Does God's high calling of love and the purity of words that flow from it discourage you? Do you look at the people in your life in the situations and location in which you live and think there is no way you will be able to love people in that way or live up to God's standard and according to his design? Well, this final passage is for you. I want to encourage you with the words of 2 Peter 1. This passage is my friend. I don't know what I would do without these words:
His divine power has granted to us all things that pertain to life and godliness, through the knowledge of him who called us [by] his own glory and excellence, by which he has granted to us his precious and very great promises [the Word of God], so that through them you may become partakers of the divine nature, having escaped the corruption that is in the world because of sinful desire. (vv. 3-4)
"His divine power has granted . . ." If you're a grammarian, what's the tense of the verb? It's past perfect, a definitive action in the past with continuing results in the future. Therefore, if you are God's child, then what's promised is already in your storehouse. This is not a promise of what could be. This is a redemptive is; a statement of what is already yours. "His divine power has granted to us all things that pertain to life and godliness." Or as the NIV says, "everything we need for life and godliness."
Why does Peter use two words—life and godliness? I think Peter uses two words because he knows his audience. If he had said that God has given us everything that pertains solely to life, it would be very tempting to stick in the word eternal, so that we would say, "Isn't it wonderful that God is giving us everything we need so that some day we can live eternally with him?" That is a true and glorious fact, but it just doesn't happen to be Peter's topic here. So he uses a second word, godliness.
Godliness is a God-honoring life in thought, desire, word, and action. Between the time I come to Christ and the time I go home to be with him, God has already given me everything I need for that difficult conversation I'm having with my husband or my wife. He's given me everything I need to deal with that rebellious teenager in a way that reflects God's transforming grace. He's given me everything I need to talk to that irascible boss who never seems to respect me no matter how hard I work. He's given me everything I need to deal in graciousness and love with that neighbor who seems more concerned about boundaries than relationships. He's given me everything I need to have a difficult conversation with that person who has betrayed me. He's given me everything I need. Oh, that we would live out of this identity! Oh, that we would not be identity amnesiacs, living in the poverty of inability, when we have been made able by Christ.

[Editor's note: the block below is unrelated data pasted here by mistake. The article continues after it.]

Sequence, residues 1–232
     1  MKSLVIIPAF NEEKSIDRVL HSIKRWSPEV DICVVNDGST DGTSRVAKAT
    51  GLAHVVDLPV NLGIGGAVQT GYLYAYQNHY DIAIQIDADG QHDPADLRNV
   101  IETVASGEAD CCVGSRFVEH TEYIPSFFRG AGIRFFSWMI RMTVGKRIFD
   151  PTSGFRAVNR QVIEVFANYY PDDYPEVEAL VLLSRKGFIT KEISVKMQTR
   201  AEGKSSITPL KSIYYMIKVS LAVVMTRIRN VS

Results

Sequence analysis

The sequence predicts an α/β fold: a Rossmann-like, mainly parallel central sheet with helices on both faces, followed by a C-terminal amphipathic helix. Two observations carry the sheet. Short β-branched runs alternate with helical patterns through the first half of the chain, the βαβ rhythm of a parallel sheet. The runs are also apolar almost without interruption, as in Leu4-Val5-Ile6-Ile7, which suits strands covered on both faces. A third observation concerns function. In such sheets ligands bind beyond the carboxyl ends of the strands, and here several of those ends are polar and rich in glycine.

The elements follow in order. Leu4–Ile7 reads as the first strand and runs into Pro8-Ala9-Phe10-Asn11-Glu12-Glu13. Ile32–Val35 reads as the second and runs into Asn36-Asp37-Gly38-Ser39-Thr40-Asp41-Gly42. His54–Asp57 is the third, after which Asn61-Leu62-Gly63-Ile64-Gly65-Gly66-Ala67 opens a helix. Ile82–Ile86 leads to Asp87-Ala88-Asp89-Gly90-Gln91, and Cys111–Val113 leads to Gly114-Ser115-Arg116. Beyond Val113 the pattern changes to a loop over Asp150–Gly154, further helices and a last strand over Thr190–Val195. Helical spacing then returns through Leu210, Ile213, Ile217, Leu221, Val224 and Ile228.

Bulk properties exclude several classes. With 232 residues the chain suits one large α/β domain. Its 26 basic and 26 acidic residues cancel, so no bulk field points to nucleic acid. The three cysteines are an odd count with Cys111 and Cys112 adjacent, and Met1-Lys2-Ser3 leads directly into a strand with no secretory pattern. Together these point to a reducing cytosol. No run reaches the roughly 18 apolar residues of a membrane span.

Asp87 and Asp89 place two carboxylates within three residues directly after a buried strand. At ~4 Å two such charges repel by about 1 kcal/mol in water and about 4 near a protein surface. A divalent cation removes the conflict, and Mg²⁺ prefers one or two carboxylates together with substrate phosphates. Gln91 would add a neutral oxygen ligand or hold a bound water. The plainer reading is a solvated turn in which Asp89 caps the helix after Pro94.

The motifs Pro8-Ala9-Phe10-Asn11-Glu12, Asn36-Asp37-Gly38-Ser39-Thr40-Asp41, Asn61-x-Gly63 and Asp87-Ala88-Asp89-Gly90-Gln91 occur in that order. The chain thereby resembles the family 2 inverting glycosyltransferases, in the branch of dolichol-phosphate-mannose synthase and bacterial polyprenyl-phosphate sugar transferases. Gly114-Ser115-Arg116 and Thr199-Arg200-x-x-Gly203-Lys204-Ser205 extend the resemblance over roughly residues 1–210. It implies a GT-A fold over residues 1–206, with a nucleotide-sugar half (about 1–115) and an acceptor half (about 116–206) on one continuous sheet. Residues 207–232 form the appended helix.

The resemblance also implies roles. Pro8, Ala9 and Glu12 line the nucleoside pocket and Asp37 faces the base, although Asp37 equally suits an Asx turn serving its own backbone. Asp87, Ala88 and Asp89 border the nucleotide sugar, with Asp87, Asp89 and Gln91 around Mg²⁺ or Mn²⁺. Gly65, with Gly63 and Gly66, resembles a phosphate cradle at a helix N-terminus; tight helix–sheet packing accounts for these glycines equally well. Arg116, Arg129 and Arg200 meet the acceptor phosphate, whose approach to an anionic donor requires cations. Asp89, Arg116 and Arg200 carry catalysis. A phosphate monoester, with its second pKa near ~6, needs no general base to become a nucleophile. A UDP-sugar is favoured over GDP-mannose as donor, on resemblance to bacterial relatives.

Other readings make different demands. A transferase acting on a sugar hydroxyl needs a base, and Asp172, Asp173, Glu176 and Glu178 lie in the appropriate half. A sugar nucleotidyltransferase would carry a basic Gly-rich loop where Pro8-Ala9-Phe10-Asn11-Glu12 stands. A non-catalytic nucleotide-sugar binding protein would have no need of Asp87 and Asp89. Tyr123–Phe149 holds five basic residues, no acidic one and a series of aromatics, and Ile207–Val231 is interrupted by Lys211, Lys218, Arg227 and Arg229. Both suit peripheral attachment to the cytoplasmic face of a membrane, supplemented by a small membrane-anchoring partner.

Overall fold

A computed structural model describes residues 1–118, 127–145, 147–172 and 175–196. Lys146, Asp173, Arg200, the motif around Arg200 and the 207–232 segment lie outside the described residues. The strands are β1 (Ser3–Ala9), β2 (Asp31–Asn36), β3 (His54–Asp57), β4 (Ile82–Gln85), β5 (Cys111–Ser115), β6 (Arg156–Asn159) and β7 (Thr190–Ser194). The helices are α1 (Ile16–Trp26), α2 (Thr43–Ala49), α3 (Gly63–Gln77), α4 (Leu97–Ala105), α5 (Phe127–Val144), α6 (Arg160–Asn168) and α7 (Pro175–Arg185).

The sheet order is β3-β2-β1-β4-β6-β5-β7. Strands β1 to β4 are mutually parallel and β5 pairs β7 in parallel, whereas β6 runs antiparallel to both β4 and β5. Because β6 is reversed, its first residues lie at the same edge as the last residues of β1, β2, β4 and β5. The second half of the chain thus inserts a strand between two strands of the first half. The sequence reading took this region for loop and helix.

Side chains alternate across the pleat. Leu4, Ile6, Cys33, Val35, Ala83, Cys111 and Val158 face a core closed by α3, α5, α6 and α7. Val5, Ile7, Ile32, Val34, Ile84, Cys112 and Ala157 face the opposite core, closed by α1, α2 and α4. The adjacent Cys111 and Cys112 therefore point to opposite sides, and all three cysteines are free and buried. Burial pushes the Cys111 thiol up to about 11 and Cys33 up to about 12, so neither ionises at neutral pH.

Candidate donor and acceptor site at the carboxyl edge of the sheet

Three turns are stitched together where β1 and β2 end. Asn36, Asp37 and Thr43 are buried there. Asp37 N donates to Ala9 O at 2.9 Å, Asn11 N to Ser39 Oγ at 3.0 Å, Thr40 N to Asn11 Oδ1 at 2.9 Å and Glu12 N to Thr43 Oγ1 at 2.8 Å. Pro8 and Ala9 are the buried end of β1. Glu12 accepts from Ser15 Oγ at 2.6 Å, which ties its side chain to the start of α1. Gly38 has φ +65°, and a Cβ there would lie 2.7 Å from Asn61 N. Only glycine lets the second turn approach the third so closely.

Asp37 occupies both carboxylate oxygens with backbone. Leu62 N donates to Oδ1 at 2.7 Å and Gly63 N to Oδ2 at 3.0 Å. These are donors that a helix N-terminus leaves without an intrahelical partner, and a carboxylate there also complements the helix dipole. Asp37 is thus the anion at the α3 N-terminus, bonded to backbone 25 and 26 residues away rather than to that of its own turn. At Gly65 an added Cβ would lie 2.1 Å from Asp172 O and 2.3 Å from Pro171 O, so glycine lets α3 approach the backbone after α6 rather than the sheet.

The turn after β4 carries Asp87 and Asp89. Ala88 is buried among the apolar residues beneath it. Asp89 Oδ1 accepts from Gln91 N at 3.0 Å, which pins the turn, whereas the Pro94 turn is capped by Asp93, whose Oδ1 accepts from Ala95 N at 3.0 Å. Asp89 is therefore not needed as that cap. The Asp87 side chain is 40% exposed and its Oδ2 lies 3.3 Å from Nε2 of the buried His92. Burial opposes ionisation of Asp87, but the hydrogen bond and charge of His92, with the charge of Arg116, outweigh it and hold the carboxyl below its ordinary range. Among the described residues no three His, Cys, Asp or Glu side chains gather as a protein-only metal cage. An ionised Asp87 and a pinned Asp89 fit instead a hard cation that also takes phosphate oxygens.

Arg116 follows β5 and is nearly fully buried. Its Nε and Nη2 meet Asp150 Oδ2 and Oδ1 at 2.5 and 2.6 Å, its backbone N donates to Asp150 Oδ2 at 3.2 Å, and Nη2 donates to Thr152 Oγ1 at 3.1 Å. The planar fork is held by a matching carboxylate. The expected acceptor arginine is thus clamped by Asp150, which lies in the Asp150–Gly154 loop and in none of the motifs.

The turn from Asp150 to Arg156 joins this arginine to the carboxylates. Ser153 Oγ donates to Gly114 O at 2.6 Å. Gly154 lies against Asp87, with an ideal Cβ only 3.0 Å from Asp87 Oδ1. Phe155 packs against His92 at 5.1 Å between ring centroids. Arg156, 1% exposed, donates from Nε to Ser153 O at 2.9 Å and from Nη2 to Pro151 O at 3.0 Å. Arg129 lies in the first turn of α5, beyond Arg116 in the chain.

What is the provision we have been given? First, it's the gift of God's forgiveness. Because of the substitutionary work of Christ, I can stand before my God one more time and say, "I'm such a mess. God, I get it wrong so often. I claim allegiance to your kingdom but I slip back into that claustrophobic little kingdom of one. I again and again prize my agenda more than your glorious plan. Father, I cast myself before you once again. I say, ‘Oh forgive me. Oh help me.'" Isn't it glorious that I can stand in all my weakness, in all my failure before a holy God, and be utterly unafraid because of what Jesus has done? I can run into his presence for his help one more time.
Second is the gift of empowerment. God knew that your need was so pervasive and expansive that he didn't just forgive you; he literally unzipped you and got inside you by his Spirit so that you have the power to do those things that he calls you to do. Consider this: Jesus is Immanuel not just because he came to earth; Jesus is Immanuel because he has made you the place where he dwells. God has dealt with your powerlessness, not just by giving you insightful commands and principles but by literally giving you himself. If you are God's child, he lives inside of you in power and glory, gracing you with what you need to obey his call.
But there is a third thing. God didn't just grant us forgiveness and enablement but ultimately deliverance as well. I don't know if you've thought about this, but you serve a dissatisfied Redeemer. He will not rest. He will not relent until every microbe of sin is eradicated from every cell of every heart of every one of his children. Some day we'll be invited to the one funeral that we all will want to attend: the funeral of sin. The promise of the gospel is that sin will die and we will be with Christ and will be like him in holiness forever and ever and ever.